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Wednesday, Aug. 12, 2009

BOJ leaves rate unchanged on deflation fears


Staff writer

As expected, the Bank of Japan left the key interest rate unchanged Tuesday at around 0.1 percent amid continued concerns about deflation, even though exports and production have shown signs of recovery.

The eight-member BOJ Policy Board wrapped up its two-day meeting by voting unanimously to keep the uncollateralized overnight call rate at its current level.

The BOJ last month extended emergency measures to support corporate financing beyond their September deadline to the end of the year.

"Japan's economic conditions have stopped worsening," the central bank said in a statement, leaving its assessment of the current situation unchanged from last month. "The outlook is attended by a significant level of uncertainty stemming mainly from developments in overseas economies and global financial markets."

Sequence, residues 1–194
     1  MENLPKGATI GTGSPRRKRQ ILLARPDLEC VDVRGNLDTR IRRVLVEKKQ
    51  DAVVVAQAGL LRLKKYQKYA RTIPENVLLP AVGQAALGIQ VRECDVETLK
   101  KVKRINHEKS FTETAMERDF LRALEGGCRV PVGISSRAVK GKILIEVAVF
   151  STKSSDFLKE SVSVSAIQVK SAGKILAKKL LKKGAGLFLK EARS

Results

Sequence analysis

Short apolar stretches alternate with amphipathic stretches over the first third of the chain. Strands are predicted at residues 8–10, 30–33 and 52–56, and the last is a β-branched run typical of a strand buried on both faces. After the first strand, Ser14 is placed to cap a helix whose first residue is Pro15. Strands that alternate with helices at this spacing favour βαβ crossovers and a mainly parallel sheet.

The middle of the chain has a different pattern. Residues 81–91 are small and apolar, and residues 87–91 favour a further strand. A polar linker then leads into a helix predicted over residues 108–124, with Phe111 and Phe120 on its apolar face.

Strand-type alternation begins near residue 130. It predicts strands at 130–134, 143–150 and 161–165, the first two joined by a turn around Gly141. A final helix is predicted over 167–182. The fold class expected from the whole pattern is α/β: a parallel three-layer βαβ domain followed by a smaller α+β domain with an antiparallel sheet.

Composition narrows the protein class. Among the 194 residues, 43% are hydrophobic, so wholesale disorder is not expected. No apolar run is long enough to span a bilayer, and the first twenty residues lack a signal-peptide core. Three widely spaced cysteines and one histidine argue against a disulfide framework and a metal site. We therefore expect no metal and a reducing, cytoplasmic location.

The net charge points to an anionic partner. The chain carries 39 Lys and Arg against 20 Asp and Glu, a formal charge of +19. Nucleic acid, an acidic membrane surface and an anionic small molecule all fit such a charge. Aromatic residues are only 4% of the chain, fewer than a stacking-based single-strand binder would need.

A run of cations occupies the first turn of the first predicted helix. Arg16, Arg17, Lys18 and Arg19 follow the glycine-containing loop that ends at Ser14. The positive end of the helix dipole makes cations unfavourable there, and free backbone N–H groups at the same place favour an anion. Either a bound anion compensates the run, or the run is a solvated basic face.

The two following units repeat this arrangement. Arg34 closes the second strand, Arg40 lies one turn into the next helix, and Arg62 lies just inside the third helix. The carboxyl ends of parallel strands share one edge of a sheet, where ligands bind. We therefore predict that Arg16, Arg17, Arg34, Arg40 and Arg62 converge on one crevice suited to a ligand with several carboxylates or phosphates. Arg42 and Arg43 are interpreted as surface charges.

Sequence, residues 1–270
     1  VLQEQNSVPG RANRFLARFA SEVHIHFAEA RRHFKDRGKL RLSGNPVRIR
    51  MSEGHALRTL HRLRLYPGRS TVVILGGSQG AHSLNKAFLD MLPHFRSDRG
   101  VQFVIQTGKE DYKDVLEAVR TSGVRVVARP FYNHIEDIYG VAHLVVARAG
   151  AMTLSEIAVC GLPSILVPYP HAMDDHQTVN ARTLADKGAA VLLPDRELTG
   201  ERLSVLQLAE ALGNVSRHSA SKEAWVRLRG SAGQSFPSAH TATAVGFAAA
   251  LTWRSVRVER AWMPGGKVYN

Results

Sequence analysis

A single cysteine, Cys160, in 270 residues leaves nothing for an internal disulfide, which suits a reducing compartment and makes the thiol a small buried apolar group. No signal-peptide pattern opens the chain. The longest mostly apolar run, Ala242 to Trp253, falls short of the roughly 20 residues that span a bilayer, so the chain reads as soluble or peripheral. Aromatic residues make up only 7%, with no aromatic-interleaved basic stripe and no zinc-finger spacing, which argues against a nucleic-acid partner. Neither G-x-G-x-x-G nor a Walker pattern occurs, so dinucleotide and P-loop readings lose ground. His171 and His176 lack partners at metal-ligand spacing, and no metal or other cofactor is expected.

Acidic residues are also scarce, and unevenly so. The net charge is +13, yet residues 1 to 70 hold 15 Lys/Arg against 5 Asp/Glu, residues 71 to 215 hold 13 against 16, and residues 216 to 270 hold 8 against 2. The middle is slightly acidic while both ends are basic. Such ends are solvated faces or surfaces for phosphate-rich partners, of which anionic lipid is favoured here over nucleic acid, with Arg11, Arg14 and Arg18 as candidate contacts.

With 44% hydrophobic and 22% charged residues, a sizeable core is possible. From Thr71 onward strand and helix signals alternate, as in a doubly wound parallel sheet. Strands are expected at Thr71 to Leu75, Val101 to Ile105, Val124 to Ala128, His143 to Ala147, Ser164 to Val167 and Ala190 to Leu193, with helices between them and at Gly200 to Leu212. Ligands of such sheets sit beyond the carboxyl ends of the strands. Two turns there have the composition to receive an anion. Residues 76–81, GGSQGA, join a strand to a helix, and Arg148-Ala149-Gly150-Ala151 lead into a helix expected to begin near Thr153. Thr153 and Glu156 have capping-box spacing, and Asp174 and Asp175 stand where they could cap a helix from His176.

While public investment is increasing and exports and production are picking up, the BOJ said businesses' fixed investment is declining sharply mainly due to weak corporate profits.

Private consumption also remains generally weak amid the worsening employment and income situation, and the year-on-year rate of decline in the consumer price will likely accelerate, it said.

The BOJ, however, reiterated that the economy will start recovering from the latter half of this fiscal year.

Hiromichi Shirakawa, chief economist at Credit Suisse, also said the economy appears to be on the mend.

"Exports and industrial production have bottomed out and are now on the recovery phase," Shirakawa said.

After bottoming out in the January-March period, the economy has been growing and will continue to do so at least until the January-March period as exports to China and the U.S. keep picking up, he said.

Hiroaki Muto, senior economist at Sumitomo Mitsui Asset Management Co., predicted the economy will continue to recover as overseas demand revives, and corporate investment in plants and equipment, now sluggish, will also rise next year.

Shirakawa, however, cautioned against optimism, saying the Chinese economy is at risk of deceleration in around the second half of next year.

To support the economic recovery, Shirakawa suggested the government maintain its expansionary fiscal policy and the BOJ keep its financial easing measures through the end of next year.



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